Here's a cute little Language Arts activity I just had to share with you.
My student's love Mo Willem's work.
One of their absolute favorites is
Don't Let the Pigeon Drive the Bus!
They can't get enough of Mo Willem's comic book style.
Imagine my surprise when I found this cute little resource on Mo Willem's own website.
In this resource are some great instructions on how to draw the Pigeon
I told the kids they we each going to make their own Pigeon comic book.
I showed my kids how to draw the parts of the pigeon, step-by-step.
First they drew the pigeon on sky-blue construction paper. I gave them a piece that was 4 1/2 inches by 6 inches. They glued it on grey paper which was cut to 4 1/2 by 6 inches. This will become the book cover. Next they added the white eye and strip from white paper and the beak from yellow paper. They used a marker or crayons to draw the wing and legs.
Some kids used a marker to outline the whole picture.
the inside cover
We read the story again and this time we talked about the story's underlying premise.
At the start, the bus driver asks for help. "Don't let the pigeon drive the bus", he asks.
That pigeon can be very convincing. After reading the story, brainstorm with the class some ideas. What would you ask someone to do for you? What would you be afraid of letting the Pigeon do? The kids came up with lots of suggestions. Below are a few of my favorites.
I took 4 pieces of photocopy paper and folded them in half and stapled them like a little book.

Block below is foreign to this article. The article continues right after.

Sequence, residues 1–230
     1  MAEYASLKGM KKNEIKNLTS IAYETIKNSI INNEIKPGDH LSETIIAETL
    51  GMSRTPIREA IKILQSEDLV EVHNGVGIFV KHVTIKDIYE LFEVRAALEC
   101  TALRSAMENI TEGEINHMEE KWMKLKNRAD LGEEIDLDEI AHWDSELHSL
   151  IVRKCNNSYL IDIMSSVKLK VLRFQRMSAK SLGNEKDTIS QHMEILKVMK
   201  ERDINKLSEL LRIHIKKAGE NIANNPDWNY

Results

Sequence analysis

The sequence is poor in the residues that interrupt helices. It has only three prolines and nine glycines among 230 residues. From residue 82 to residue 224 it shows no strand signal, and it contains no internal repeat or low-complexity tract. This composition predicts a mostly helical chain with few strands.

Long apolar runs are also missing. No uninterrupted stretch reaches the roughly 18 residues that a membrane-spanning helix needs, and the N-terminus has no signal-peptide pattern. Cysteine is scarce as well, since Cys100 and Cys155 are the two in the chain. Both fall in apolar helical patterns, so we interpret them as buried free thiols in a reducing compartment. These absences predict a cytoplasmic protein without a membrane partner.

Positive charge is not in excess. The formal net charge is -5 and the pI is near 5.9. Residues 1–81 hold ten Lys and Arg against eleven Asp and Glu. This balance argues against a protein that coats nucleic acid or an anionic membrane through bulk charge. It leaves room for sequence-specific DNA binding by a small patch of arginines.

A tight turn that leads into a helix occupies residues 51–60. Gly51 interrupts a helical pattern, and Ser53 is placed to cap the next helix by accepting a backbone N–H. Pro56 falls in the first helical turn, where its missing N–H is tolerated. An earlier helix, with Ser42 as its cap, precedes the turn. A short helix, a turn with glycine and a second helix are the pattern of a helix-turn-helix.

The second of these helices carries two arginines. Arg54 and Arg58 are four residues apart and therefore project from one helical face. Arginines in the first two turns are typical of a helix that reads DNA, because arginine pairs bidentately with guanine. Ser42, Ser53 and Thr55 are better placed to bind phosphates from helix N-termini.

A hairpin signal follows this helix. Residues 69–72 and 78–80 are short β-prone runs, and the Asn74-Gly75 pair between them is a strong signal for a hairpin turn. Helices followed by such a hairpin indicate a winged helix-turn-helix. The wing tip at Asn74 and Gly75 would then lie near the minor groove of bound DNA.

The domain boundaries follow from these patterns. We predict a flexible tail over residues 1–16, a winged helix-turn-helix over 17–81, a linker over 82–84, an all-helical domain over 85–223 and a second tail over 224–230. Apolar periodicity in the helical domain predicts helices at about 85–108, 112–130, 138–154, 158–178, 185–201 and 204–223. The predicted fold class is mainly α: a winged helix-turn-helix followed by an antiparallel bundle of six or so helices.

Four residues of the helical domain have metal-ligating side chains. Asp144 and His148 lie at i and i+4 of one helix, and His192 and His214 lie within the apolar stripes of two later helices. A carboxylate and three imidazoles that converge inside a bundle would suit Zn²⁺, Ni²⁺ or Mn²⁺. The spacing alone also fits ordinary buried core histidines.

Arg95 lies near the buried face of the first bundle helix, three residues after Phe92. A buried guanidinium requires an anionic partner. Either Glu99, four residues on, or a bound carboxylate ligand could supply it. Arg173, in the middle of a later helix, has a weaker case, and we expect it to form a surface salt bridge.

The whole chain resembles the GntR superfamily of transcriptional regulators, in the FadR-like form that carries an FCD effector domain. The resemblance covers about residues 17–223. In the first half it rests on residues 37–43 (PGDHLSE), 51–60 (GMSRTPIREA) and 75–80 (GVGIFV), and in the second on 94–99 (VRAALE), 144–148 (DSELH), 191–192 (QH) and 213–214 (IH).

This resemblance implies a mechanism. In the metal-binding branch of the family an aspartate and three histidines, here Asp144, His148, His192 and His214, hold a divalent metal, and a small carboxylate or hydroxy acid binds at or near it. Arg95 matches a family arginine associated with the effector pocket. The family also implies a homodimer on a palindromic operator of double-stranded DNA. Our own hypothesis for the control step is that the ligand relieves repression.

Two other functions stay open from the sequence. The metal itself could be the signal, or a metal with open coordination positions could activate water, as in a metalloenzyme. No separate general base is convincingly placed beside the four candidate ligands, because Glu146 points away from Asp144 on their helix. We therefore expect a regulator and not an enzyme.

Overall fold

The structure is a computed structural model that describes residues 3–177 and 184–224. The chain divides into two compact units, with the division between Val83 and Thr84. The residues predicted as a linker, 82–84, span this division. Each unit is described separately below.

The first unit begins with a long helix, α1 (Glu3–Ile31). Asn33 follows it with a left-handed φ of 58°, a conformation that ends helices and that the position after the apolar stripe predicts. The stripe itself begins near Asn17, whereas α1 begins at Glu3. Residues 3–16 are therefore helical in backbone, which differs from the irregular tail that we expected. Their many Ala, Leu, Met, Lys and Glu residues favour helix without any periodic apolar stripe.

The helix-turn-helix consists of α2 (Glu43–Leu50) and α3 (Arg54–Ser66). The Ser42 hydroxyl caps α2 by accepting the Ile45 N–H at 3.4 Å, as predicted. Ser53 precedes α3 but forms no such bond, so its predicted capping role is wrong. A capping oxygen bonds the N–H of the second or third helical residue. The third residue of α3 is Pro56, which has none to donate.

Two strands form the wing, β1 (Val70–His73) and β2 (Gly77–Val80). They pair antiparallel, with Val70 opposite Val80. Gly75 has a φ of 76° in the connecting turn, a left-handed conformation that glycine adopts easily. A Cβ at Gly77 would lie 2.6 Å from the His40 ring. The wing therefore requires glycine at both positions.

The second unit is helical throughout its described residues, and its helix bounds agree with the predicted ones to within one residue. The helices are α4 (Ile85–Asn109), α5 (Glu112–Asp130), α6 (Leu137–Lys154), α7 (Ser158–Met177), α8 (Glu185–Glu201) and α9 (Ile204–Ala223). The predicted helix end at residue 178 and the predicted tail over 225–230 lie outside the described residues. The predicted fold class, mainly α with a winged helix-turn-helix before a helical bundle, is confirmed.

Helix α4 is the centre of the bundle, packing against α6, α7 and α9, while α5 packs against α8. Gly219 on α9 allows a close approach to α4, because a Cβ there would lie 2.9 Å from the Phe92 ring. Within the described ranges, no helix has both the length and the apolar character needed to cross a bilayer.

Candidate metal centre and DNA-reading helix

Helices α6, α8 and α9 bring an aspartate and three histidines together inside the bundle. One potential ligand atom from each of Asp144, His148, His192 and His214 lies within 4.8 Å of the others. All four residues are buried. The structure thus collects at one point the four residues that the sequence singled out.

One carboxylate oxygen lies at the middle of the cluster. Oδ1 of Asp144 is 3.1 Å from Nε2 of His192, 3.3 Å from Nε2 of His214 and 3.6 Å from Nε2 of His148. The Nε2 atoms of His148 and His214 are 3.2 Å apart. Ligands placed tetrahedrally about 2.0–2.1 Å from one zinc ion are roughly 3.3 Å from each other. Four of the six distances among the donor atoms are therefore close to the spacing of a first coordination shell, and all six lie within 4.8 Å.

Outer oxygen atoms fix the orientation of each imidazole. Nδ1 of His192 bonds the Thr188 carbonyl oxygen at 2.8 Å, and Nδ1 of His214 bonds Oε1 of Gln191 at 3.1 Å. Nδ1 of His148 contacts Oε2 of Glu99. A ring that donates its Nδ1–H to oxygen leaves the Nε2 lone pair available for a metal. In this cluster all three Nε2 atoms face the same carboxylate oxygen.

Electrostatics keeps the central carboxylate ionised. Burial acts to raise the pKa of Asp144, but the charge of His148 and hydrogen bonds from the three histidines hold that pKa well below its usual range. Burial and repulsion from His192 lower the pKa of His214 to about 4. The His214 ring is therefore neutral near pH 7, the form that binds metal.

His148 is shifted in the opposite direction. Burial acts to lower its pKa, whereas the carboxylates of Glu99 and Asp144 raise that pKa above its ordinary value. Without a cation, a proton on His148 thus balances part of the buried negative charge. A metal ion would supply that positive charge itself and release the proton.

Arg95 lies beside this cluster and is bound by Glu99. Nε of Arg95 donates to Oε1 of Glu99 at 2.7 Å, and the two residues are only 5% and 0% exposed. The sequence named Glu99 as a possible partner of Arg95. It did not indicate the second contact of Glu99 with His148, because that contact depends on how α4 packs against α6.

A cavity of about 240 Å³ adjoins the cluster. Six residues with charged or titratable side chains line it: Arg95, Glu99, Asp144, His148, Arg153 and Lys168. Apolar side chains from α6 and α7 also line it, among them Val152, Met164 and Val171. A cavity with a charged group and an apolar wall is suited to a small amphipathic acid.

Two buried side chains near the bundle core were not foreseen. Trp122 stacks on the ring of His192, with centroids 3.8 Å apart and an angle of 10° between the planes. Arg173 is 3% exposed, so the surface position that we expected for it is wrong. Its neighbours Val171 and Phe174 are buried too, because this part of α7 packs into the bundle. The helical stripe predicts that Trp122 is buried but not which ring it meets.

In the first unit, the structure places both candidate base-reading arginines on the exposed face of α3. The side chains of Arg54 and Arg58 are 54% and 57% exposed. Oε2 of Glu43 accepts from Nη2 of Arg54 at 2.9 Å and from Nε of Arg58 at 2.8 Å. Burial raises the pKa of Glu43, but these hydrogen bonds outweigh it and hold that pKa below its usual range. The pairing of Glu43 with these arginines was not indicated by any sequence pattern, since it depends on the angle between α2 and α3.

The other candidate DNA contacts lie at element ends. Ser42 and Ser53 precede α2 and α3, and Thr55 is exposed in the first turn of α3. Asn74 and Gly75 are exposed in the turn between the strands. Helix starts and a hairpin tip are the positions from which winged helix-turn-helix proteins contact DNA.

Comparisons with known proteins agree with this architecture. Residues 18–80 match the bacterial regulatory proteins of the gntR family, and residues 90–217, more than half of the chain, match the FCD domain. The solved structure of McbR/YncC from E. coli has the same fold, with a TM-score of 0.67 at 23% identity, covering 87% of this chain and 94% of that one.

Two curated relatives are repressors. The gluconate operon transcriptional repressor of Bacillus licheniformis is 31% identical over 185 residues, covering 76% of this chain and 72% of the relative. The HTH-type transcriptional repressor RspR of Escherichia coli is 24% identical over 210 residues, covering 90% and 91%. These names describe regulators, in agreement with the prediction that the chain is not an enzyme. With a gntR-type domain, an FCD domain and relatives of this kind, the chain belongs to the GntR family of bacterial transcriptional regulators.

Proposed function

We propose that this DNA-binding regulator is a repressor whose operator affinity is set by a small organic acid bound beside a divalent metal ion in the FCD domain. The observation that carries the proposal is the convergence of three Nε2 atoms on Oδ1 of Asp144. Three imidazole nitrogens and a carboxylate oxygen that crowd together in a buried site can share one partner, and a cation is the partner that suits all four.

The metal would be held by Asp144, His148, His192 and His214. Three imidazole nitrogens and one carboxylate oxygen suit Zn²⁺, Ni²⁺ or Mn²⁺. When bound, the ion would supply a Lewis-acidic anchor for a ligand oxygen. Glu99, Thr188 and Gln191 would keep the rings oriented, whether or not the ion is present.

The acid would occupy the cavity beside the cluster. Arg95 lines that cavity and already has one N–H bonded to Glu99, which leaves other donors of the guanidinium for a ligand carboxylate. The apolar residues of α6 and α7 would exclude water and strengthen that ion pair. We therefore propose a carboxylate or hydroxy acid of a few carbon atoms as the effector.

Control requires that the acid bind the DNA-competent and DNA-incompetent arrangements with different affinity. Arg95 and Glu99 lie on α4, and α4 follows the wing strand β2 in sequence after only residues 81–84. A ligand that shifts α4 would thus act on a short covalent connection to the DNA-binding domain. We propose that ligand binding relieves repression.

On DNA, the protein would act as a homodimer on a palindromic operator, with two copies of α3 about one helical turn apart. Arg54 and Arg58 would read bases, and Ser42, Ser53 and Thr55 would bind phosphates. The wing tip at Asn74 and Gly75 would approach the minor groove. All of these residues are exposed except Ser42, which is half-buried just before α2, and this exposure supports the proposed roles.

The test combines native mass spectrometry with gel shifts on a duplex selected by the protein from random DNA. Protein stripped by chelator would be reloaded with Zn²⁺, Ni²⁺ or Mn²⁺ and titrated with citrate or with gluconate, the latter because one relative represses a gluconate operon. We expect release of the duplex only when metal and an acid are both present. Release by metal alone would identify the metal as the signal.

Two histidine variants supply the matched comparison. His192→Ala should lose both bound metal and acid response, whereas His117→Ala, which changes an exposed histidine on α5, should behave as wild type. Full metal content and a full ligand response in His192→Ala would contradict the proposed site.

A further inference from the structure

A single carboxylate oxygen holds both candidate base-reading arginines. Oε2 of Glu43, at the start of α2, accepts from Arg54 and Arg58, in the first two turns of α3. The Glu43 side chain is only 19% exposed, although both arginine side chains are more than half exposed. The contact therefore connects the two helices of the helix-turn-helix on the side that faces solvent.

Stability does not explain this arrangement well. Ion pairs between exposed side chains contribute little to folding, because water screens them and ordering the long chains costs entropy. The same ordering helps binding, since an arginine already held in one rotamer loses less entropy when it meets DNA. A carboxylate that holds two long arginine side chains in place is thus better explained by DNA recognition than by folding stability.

The kids glued their cover to the front. Then we started work on the inside cover.
On the board I showed the children how to write down their title first, and then circle it with a word bubble.
Next they drew the pigeon beside the title, and finally they added their details
"words and pictures by..."
The story needs to be set up. So I asked the children to draw themselves asking the reader to not let the pigeon do something. The picture below shows the girl leaving the hot chocolate alone.
The next page shows the pigeon asking for a sip of hot chocolate.
At the start of this lesson we brainstormed some things that the pigeon could say to try to convince the reader. Below are a few examples.
Persuasive argument part 2
This is where I divided it into two lessons, but depending on your kids you could continue on with the next part. I got the kids to draw a line across the middle of two pages to make 4 squares if they were in grade one...
or divide one page into four sections if they were in grade two.
In these four squares I asked them to write down some reasons that the pigeon would use to convince the reader...
The grade two's had the choice to do a full page next, or draw four more squares.
This little girl did a full page below.
Solving the problem
We read the story a final time and talked about how the problem was solved.
Then I asked the kids to take their books and read what they had done so far.
Then as a class we discusses ways that they could solve the problem and end their story.
I really liked how this child ended their story.
Other children ended it with the pigeon being really upset and crying.
One child gave the pigeon a bracelet from the rainbow loom in her story.
All in all it was a very fun activity and the kids really enjoyed reading each other's stories.
I've just added to the We Love Books Linky party over at Mrs Jumps Class
to join in the fun